Results

Thyroid peroxidase antibody 228 (<34)

Thyroglobulin antibody 378.5 (<115)

TSH 1.79 (0.2 - 4.2)

Free T4 15.9 (12 - 22)

Free T3 3.6 (3.1 - 6.8)

Ferritin 16 (15 - 150)

Folate 2.37 (2.50 - 19.50)

Vitamin B12 239 (190 - 900)

Vitamin D 30.3 (25 - 50 deficient)

Hi everyone, looking for advice regarding symptoms. I was diagnosed with primary hypothyroidism in 2012. Currently taking 100mcg Levo but felt better on higher doses. Symptoms are mainly things like

depression

heavy periods

fatigue during the day

muscle cramps

dry skin

constipation

feeling cold

low pulse

palpitations

loss of appetite

weight gain

puffy eyes and feet

pins and needles

Am I likely undermedicated? I'm sure that I am. Thank you

5 Replies

oldestnewest
  • blueamber

    Thyroid peroxidase antibody 228 (<34)

    Thyroglobulin antibody 378.5 (<115)

    Your high antibodies mean that you are positive for autoimmune thyroid disease aka Hashimoto's which is where antibodies attack the thyroid and gradually destroy it. The antibody attacks cause fluctuations in symptoms and test results and you can swing from hypo to hyper and back again.

    The hyper swings are temporary, and eventually things go back to normal. Test results settle back down and hypo symptoms may return. Thyroid meds should then be adjusted again, increased until you are stable again.

    If you've got old results from when dose changes were made, you might see suppressed TSH along with very high/over range free Ts which would be a hyper swing and your dose would probably have been reduced. When you swing back to hypo type symptoms you'd probably have a higher TSH and lower Free Ts and dose should then be increased.

    You can help reduce the antibodies by adopting a strict gluten free diet which has helped many members here. Gluten contains gliadin (a protein) which is thought to trigger autoimmune attacks so eliminating gluten can help reduce these attacks. You don't need to be gluten sensitive or have Coeliac disease for a gluten free diet to help.

    Supplementing with selenium l-selenomethionine 200mcg daily can also help reduce the antibodies, as can keeping TSH.

    stopthethyroidmadness.com/h...

    stopthethyroidmadness.com/h...

    hypothyroidmom.com/hashimot...

    thyroiduk.org.uk/tuk/about_...

    Gluten/thyroid connection: chriskresser.com/the-gluten...

    Unfortunately many GPs and endos either don't know anything about Hashi's or attach no importance to it.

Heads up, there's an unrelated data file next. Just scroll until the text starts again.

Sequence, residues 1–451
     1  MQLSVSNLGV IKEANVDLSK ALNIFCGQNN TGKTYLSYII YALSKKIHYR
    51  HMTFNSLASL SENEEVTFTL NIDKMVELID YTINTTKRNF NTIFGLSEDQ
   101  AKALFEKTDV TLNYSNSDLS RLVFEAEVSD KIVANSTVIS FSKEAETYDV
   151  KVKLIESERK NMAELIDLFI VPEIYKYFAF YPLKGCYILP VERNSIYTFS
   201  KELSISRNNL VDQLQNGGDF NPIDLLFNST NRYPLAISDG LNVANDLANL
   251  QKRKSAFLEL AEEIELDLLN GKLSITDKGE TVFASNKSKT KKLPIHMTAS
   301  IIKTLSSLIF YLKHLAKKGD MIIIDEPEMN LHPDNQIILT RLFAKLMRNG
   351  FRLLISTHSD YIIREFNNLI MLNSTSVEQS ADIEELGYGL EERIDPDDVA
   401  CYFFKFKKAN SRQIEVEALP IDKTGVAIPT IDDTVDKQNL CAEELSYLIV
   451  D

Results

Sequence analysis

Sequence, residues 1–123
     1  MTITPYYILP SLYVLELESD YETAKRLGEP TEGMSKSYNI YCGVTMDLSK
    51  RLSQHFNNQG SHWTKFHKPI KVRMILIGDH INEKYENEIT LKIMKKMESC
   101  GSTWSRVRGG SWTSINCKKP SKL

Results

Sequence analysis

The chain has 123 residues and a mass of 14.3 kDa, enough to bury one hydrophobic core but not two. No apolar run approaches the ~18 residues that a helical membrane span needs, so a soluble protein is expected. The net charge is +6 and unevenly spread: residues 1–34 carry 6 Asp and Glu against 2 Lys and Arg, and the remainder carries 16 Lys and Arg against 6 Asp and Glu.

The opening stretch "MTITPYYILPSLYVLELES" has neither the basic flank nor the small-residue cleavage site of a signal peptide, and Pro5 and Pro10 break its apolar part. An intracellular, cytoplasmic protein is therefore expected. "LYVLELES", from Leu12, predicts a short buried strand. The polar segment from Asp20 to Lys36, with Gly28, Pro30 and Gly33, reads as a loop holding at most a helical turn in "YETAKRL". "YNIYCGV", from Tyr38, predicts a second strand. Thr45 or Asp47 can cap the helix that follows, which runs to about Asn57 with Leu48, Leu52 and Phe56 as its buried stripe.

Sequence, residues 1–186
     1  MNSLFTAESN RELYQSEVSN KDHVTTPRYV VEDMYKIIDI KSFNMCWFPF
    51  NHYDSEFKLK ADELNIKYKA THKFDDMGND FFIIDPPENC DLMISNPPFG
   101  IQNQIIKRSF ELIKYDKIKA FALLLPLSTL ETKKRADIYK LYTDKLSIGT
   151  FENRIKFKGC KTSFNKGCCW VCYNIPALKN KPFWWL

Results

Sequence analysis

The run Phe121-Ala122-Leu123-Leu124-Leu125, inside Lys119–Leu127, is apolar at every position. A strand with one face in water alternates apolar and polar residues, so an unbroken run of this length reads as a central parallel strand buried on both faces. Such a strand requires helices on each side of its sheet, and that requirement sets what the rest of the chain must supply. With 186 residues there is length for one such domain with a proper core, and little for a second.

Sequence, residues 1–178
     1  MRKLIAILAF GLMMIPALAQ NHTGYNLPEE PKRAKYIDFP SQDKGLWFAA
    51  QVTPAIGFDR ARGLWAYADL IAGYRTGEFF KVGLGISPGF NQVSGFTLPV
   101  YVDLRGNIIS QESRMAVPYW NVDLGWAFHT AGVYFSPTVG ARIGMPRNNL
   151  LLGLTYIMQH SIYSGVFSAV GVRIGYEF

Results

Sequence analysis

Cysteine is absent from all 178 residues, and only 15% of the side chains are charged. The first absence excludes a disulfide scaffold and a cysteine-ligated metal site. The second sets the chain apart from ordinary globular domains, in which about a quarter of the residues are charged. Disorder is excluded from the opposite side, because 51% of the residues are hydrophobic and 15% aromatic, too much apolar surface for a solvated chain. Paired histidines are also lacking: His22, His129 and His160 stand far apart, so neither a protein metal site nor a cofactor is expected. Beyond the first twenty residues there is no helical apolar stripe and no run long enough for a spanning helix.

**

    TSH 1.79 (0.2 - 4.2)

    Free T4 15.9 (12 - 22)

    Free T3 3.6 (3.1 - 6.8)

    You are currently undermedicated. The aim of a treated hypo patient generally is for TSH to be 1 or below or wherever it is needed for FT4 and FT3 to be in the upper part of their respective reference ranges when on Levo only. You need an increase in your Levo.

    **

    Some of your symptoms will likely be due to low nutrient levels:

    Ferritin 16 (15 - 150)

    Ferritin should be half way through it's range. As you are just 1 point within range it would be a good idea for your GP to carry out an iron panel, full blood count and haemoglobin test to see if you have iron deficiency anaemia.

    In any event your ferritin must be increased so ask your GP to prescribe iron tablets. The usual amount for low ferritin is one Ferrous Fumarate once or twice daily, and for iron deficiency anaemia it's one Ferrous Fumarate two or three times daily.

    Take each iron tablet with 1000mg Vitamin C to aid absorption and help prevent constipaton. Always take iron 4 hours away from thyroid meds and two hours away from other medication and supplements as it will affect absorption.

    Eating liver regularly, maximum 200g a week due to it's high Vit A content, and eating lots of iron rich foods will help too apjcn.nhri.org.tw/server/in...

    **

    Folate 2.37 (2.50 - 19.50)

    Vitamin B12 239 (190 - 900)

    You are folate deficient with low B12. Do you have any signs of B12 deficiency b12deficiency.info/signs-an... If so then post on the Pernicious Anaemia Society forum here on Health Unlocked for further advice, quoting these results, any signs of B12 deficiency, and your ferritin (and iron if done) results then discuss with your GP healthunlocked.com/pasoc

    If no signs of B12 deficiency you will need your GP to address the folate deficiency and that is usually with 5mg folic acid daily.

    You should also address your low B12 as anything under 500 can cause neurological problems.

    I have read (but not researched) that BCSH, UKNEQAS and NICE guidelines recommend: